Suicidality – what is ‘help’?

John Raven writes.

The BPS position statement Understanding and Preventing Suicide: A Psychological Perspective (to which attention is drawn in the November issue of The Psychologist) may appear to be benign. But, in reality, it further marginalises the increasing number of people who, while still of sound mind, wish to choose to die by a means of their own choosing. Its tone and approach supports those, including often incomprehensibly vicious police, who feel they have a right to impose, on others, by force if necessary, activities which they believe to be good and right (often claiming that they are in the recipients’ best interests) without regard for many of the consequences for those concerned.

The right to life has become, not merely corrupted into a requirement to live (under any circumstances), but also into policies to further constrict access to arrangements which would enable those who wish to die in their own way to do just that. (For example, access to drugs and deployable bridges is to be further restricted.) The degrading conditions in which many older people are forced to live out their lives in state-mandated regimes of ‘care’ are becoming well known. But they are hardly better than the lifestyles imposed on many by the destitution manufactured by the ‘benefits’ system. As psychologists, we would do better to examine and challenge the thoughtways and processes which promote these conditions rather than promoting psycho-medical ‘cures’ for the problems they create at an individual level. How does the way we organise work and society promote isolation, depression and numerous other ‘medical’ conditions?

More basically still, we would do better to examine the social processes which so often corrupt what appear to be well-intentioned social policies into their opposites: How a does a right to ‘education” and personal development become a compulsion to submit to endless destructive treatments at the hands of ‘welfare’ agencies? How does a right to work become a compulsion to spend one’s time applying for non-existent zero-hours contract jobs and one’s days travelling to those workplaces?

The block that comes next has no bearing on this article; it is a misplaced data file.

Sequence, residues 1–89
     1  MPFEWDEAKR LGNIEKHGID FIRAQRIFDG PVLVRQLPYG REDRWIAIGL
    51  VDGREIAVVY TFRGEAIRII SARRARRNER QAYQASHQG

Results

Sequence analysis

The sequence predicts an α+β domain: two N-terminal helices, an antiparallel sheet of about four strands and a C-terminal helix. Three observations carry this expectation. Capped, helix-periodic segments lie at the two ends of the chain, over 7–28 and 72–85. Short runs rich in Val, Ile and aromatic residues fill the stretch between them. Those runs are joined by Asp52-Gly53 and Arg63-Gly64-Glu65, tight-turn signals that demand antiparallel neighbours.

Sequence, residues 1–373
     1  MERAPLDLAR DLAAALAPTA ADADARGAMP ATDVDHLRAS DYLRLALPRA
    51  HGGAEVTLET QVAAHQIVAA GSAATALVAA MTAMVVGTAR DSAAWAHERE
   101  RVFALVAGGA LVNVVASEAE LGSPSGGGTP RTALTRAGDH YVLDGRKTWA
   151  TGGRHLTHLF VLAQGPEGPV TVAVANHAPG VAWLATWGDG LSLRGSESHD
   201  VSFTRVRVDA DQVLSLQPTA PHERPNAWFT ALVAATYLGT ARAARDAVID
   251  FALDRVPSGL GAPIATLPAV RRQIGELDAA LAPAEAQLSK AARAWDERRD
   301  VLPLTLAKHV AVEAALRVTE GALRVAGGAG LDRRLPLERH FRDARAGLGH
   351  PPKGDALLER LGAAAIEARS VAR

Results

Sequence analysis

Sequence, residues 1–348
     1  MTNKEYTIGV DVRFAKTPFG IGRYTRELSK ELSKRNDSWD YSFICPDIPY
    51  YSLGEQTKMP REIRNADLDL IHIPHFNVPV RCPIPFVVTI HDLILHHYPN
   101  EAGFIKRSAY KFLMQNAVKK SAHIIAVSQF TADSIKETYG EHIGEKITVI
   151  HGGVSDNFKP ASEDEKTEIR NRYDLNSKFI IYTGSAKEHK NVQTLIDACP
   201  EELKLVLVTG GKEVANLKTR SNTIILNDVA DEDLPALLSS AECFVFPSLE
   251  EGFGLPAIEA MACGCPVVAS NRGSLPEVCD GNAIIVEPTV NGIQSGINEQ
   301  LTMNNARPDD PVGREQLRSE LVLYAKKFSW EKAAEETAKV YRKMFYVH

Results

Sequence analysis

One could have hoped for a more balanced statement – preferably one avoiding the pejorative and prejudicial term suicide itself: While the majority of the population support a right to die by a means of one’s own choosing (and obtain assistance in so doing), there is much less support for the notion of assisted suicide.

It is extraordinary that psychologists are much more willing to go to great lengths to provide services to ‘help’ people to stay alive even if they wish to die than to help them to die in a manner of their own choosing if they wish so to do.

John Raven
Edinburgh

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Comments

People should have choice to live or die. We never asked for a life on this earth, we were given it. It should be a human right to be able to chose when to leave it and how we do. 

I guess assisted suicide is somewhat a "taboo" subject. Many people do not like to talk about death and, when assisting someone to die blame has to be given to someone, right? This could well be a major factor why endless amount of help is offered because no one wants that blame. Would it be acceptable for a medical professional to euthanise someone because they don't like their life? A lot of people would disagree, but then that brings us back to having the right to live, but also having the right to die. It is our life, why can't we decide to take it? Because society think that we must live out our life and it is the right thing to do?